With the FIFA reform effort essentially over, it seems inevitable that there will be some fracturing of solidarity between FIFA and those which it empaneled to advise the organization on reform. A first sign of a split has emerged today with the AP reporting that Mark Pieth, chairman of the FIFA Independent Governance Committee, has appealed to the Parliamentary Assembly of the Council of Europe to assist in motivating FIFA reform. Sepp Blatter, FIFA president, was none too happy when Pieth was critical of the reform effort back in October, and he probably won't like this action either.
The AP reports:
An anti-corruption panel advising FIFA wants a European lawmakers' group to press for "urgent" reform at football's world governing body when it meets on Wednesday.The meeting being refereed to is a hearing which I discussed here last week, noting the absence of Pieth on the panel.
FIFA adviser Mark Pieth's request for support from the 47-nation Parliamentary Assembly of the Council of Europe (PACE) hints at obstacles ahead of completing promised anti-corruption and transparency reforms by next May.
"It would be most welcome if the committee of the Council of Europe could add its voice to those demanding urgent change," Pieth wrote in a Dec. 3 submission seen by The Associated Press.
Pieth wrote that his group, including lawyers, anti-bribery experts and football officials, have already faced opposition since they began in January advising FIFA's ruling executive committee — and challenging its authority.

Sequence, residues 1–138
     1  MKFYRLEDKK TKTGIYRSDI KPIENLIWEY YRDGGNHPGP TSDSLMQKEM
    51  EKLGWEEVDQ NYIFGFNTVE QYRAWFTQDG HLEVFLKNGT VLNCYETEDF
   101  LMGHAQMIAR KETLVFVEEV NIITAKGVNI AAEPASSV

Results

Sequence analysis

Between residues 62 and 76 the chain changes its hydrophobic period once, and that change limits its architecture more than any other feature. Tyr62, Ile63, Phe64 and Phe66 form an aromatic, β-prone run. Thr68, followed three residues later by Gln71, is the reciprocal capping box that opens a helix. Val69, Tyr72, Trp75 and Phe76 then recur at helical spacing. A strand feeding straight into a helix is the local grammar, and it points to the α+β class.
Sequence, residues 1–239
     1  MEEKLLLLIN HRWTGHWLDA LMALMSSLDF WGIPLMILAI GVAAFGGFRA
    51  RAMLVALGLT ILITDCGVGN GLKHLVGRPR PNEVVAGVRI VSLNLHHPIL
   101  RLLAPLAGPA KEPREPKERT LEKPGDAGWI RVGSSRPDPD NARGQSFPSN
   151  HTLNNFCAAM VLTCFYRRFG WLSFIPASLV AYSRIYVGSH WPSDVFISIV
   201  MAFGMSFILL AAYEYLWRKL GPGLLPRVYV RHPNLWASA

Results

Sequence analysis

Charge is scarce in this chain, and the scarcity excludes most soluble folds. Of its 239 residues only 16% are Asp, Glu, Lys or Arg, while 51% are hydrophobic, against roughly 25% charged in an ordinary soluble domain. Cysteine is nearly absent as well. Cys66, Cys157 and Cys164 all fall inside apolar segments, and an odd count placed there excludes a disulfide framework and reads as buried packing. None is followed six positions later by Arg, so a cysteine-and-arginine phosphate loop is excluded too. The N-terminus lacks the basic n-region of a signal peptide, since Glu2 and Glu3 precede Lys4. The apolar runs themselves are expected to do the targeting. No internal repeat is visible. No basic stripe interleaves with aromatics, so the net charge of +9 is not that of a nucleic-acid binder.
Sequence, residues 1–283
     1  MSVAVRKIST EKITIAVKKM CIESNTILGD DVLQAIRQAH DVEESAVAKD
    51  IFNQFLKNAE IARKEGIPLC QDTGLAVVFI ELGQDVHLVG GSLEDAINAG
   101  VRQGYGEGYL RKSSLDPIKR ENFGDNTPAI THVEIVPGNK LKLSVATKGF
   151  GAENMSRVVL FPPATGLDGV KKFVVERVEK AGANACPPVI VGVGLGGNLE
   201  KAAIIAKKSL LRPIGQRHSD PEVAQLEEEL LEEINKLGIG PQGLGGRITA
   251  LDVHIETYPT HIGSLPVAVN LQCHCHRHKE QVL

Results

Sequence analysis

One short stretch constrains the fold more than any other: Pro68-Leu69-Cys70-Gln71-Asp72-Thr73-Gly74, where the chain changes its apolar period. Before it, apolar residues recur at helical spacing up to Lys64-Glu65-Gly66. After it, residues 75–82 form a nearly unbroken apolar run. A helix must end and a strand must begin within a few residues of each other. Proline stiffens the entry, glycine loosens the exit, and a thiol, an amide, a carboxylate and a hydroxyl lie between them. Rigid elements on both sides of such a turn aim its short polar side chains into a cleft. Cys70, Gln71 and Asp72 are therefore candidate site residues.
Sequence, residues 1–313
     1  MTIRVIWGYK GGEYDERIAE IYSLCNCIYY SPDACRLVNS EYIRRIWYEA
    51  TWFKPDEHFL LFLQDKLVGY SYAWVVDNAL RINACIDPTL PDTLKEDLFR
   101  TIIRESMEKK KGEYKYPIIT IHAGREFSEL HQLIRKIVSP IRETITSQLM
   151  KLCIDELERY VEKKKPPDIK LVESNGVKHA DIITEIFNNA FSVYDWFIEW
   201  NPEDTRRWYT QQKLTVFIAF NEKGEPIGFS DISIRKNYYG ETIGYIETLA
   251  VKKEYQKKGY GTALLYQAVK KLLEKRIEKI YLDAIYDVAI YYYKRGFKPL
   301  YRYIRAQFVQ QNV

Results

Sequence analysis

"Currently there is some resistance to even such key suggestions, including from European associations," the Swiss law professor told the PACE committee dealing with sports issues.
Pieth continues to escalate his criticism of FIFA, perhaps recognizing that the reform effort's legacy is tied up with his own. With reform apparently ending soon and with little accomplished, it would be completely understandable if Pieth wants to ensure that the blame for the stunted effort does not get placed on him.
In the submission to PACE he writes, according to the AP:
Pieth has been frustrated by Blatter's executive colleagues blocking his "fundamental suggestion" that audit chairman Domenico Scala should join them as an independent member. Instead, they allowed him just to observe during discussion of financial issues.It is not clear what "unacceptable" might actually mean in practice, however, the strong language suggests that Pieth is transforming from a supportive facilitator to a frustrated critic. I would guess that we will hear more along these lines from Prof. Pieth.
"A deviation from this compromise is unacceptable," lawmakers have been told by Pieth.